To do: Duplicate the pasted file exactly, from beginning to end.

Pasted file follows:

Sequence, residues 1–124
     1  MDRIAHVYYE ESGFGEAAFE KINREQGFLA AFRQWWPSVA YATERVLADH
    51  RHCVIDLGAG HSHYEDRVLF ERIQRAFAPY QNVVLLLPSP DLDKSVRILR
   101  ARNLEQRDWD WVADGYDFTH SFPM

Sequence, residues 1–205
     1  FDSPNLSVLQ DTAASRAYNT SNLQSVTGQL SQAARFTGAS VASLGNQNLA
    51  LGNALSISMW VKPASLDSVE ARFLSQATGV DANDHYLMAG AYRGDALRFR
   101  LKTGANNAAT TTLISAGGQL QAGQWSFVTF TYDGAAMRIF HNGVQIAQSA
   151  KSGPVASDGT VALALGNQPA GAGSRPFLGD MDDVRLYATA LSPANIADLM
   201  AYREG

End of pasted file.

Sequence, residues 1–124
     1  MDRIAHVYYE ESGFGEAAFE KINREQGFLA AFRQWWPSVA YATERVLADH
    51  RHCVIDLGAG HSHYEDRVLF ERIQRAFAPY QNVVLLLPSP DLDKSVRILR
   101  ARNLEQRDWD WVADGYDFTH SFPM

Sequence, residues 1–205
     1  FDSPNLSVLQ DTAASRAYNT SNLQSVTGQL SQAARFTGAS VASLGNQNLA
    51  LGNALSISMW VKPASLDSVE ARFLSQATGV DANDHYLMAG AYRGDALRFR
   101  LKTGANNAAT TTLISAGGQL QAGQWSFVTF TYDGAAMRIF HNGVQIAQSA
   151  KSGPVASDGT VALALGNQPA GAGSRPFLGD MDDVRLYATA LSPANIADLM
   201  AYREG